A good example of a reversible reaction is that of blue hydrated copper sulfate that can be heated to form white anhydrous copper sulfate. The heating process drives off the water. This reaction can easily be reversed by adding water to the white anhydrous copper sulfate. The first reaction is endothermic as it requires heat energy to drive off the water. The reverse reaction is exothermic and heat will be evolved when the anhydrous copper sulfate reacts with the water.

In a reversible reaction all of the reactants will be converted to products and vice versa. An equilibrium reaction it’s very similar to this idea as reactants can be converted to products and vice versa but importantly, the reaction never goes to completion. There will always be reactants and products in the reaction mixture.

A classic example of a reaction at equilibrium is the Haber process. Nitrogen and Hydrogen I reacted and the pressure in the presence of an iron catalyst to form ammonia. If this reaction were to be carried out in a sealed container that initially contained just hydrogen and nitrogen we would observe, over time, the percentage of nitrogen and hydrogen decreasing and the percentage of ammonia increasing up to a point where the relative amount of each would not change over time. At this point we would say that equilibrium had been reached.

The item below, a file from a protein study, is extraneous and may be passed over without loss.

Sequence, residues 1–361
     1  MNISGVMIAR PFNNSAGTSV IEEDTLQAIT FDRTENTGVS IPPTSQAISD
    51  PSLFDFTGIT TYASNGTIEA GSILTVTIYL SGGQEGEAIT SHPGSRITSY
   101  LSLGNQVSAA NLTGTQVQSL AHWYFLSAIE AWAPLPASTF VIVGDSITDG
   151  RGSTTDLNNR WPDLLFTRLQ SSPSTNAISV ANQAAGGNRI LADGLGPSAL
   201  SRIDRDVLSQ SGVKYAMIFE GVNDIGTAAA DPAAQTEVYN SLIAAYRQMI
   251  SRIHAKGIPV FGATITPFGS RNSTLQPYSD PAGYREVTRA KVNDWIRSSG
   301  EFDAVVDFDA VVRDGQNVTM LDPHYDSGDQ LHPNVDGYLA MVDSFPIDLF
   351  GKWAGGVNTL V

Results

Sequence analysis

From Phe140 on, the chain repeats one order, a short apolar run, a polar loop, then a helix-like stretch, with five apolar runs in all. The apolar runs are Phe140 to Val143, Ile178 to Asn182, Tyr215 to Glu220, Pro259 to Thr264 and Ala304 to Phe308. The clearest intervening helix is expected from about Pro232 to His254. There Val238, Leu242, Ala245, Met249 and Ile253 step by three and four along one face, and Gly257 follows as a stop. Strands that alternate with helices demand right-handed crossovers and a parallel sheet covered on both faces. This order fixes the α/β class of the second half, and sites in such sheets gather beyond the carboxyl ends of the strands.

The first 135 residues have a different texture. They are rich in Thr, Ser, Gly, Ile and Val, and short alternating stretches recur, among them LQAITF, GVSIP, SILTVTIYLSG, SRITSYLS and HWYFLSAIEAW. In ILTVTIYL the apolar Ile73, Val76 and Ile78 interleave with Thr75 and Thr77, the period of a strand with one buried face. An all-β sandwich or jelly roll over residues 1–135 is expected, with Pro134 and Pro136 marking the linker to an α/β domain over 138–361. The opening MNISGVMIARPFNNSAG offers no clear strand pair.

When equilibrium is reached it is important to appreciate that the reaction has not finished. What is actually occuring is that the rate of the reaction moving from products to reactants is occuring at the same rate as the reaction moving from reactants to products. As the reaction is still occurring the equilibrium is said to be dynamic.

It is also important to realize that at equilibrium there are not equal concentrations of reactants and products. The concentration of reactants and products will remain the same but will not be equal.

It is possible to increase or decrease the concentration of reactants and products using Le Chatelier’s principle. This principle will involve manipulating the temperature, pressure, concentration of reactants and products or by using a catalyst, but this is more advanced work!

Le Chatelier

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